Jazz asked FDA to take three actions. First, Jazz asked FDA to immediately publish in The Orange Book bioequivalence requirements specifying whether in vitro or in vivo bioequivalence studies, or both such studies, are required for ANDAs referencing Xyrem®. Jazz claimed that FDA’s failure to have done so within the first 30 days of Xyrem®’s approval was a violation of the Federal Food, Drug, and Cosmetic Act (“FD&C Act”) (See 21 U.S.C. § 355(j)(7)(A)(i)-(ii).) and the Administrative Procedure Act (“APA”) (See 5 U.S.C. § 706.). FDA disagreed; the Agency found several flaws with Jazz’s arguments. First, requiring the publication of bioequivalence data type for ANDAs within 30 days of new drug approval would be inconsistent with other sections of the FD&C Act, as well as certain FDA regulations. Second, adopting Jazz’s arguments would require the Agency to generate and evaluate the scientific data needed to understand bioequivalence characteristics at the time the reference listed drug (“RLD”) was approved. FDA disfavored this position, because it would prevent FDA from gaining insight into the characteristics of the RLD during its marketing. Many products never face generic competition, or only do so after the development of acceptable bioequivalence methodologies. As such, FDA reasoned it would be a waste of Agency resources to determine what types of bioequivalence studies are needed within the first 30 days of the RLD’s approval. Third, there is no indication Congress meant the statute to require what Jazz sought, and no court has construed the statute as requiring as much. Finally, FDA noted that Jazz’s interpretation would actually prejudice those who the statute was meant to protect, i.e., the ANDA sponsors. Requiring FDA to publish bioequivalence requirements within 30 days of the RLD approval would diminish FDA’s ability to provide ANDA sponsors with information about the best ways to demonstrate bioequivalence.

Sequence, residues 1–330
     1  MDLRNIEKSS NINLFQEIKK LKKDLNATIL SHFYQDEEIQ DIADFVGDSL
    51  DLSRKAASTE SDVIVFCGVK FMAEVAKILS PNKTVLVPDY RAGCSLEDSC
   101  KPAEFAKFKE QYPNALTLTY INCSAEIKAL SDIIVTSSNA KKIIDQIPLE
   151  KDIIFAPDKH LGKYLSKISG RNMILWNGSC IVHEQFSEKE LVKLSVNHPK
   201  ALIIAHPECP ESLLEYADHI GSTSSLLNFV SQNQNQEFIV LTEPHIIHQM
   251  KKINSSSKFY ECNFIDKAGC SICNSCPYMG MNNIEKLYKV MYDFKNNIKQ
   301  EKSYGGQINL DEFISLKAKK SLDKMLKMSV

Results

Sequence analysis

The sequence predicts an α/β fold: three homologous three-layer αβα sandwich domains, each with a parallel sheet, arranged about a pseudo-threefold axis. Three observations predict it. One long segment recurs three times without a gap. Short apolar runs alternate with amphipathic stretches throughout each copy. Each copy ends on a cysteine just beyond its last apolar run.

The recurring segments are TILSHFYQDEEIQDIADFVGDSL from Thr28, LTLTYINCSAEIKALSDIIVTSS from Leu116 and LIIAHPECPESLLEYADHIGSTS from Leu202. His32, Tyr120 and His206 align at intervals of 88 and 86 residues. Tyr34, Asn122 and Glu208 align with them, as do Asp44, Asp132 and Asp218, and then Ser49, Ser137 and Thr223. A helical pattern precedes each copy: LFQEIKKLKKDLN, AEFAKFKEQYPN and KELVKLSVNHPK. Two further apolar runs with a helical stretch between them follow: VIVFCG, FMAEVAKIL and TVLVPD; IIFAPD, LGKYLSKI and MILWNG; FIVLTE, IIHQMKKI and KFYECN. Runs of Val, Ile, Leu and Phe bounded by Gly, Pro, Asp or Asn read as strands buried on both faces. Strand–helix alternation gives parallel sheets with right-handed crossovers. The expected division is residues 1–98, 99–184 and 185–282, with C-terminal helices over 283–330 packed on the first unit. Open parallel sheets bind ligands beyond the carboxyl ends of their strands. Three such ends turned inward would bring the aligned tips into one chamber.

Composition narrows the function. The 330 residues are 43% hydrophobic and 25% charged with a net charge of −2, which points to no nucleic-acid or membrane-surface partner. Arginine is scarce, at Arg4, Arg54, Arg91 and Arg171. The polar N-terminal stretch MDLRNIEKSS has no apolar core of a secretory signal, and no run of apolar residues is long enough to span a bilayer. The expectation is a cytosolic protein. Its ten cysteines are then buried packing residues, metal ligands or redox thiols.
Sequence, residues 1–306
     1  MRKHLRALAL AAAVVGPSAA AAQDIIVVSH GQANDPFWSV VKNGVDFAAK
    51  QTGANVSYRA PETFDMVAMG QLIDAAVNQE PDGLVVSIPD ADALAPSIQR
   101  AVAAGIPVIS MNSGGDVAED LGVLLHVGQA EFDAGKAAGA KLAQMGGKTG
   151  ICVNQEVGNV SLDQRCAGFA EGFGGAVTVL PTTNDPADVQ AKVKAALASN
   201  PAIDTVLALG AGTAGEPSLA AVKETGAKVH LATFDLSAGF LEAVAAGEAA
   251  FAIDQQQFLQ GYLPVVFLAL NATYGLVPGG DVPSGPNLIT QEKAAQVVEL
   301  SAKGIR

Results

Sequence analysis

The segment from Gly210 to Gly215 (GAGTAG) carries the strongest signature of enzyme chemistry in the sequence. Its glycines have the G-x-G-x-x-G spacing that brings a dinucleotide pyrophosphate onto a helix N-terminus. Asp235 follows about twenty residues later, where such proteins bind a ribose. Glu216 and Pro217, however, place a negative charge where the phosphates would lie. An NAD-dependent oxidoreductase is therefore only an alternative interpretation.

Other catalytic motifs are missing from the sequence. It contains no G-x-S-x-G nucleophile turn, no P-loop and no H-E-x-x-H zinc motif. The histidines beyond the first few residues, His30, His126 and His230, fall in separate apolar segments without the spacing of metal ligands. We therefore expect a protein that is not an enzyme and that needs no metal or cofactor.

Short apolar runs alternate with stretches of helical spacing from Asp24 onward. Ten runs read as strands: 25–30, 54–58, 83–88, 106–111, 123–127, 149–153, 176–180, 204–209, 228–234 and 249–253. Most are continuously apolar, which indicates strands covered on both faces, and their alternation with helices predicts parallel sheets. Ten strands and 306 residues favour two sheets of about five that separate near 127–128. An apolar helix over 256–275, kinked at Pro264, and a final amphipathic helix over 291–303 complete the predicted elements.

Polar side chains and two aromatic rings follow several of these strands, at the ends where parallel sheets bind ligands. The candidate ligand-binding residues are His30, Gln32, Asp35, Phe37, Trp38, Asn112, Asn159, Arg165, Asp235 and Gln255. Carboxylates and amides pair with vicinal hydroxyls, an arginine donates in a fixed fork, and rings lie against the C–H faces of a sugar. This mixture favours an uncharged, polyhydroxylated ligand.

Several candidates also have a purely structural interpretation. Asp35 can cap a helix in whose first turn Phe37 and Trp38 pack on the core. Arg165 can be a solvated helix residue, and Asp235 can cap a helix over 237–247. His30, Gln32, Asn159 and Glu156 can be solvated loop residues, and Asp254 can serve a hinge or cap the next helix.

Next, Jazz asked FDA not accept for review, review, or approve any ANDA referencing Xyrem® unless and until FDA has published bioequivalence requirements in the Orange Book specifying whether in vitro bioequivalence studies, in vivo bioequivalence studies, or both such studies, are required for ANDAs referencing Xyrem®. Jazz argued that to do so would violate the APA. The drug company reasoned that an ANDA must reference an RLD, and an RLD does not become an RLD until FDA issues the bioequivalence requirements. As such, Jazz concluded that an ANDA can only be accepted for review after FDA issues bioequivalence requirements. Accordingly, Jazz asked FDA to set aside its acceptance of Roxane’s ANDA because this was “agency action . . . without observance of procedure required by law,” “not in accordance with law,” “in excess of statutory jurisdiction, authority, of limitations,” and “short of statutory right.” Again, FDA declined. The Agency claimed that refusing to accept an ANDA on those grounds would conflict with various FD&C Act sections, including Section 505(j)(2)(A), which delineates what information is required in an ANDA and does not list the bioequivalence requirements, as well as certain FDA regulations. It also refused to accept an interpretation of the statute that would punish ANDA applicants, even if in compliance with the statutory requirements, for FDA’s failure to publish the bioequivalence requirements.
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Thumbnail image for Thumbnail image for Thumbnail image for Thumbnail image for aci_header_banner.gifAmerican Conference Institute’s 2nd Comprehensive Guide to Patent Reform once again unites experienced in-house counsel from top innovators, private practice experts, and senior officials from the USPTO to answer patent professionals’ most pressing questions, including:

  • What does “first to file” actually mean under the AIA requirements? Which system can you or should you file under – the current first to invent or the new first to file (or both)? And how do you avoid first-to-file bubble filings before 3/15/2013?
  • When can on-sale and public use activity be considered prior art? Has secret §102(f) prior art been eliminated?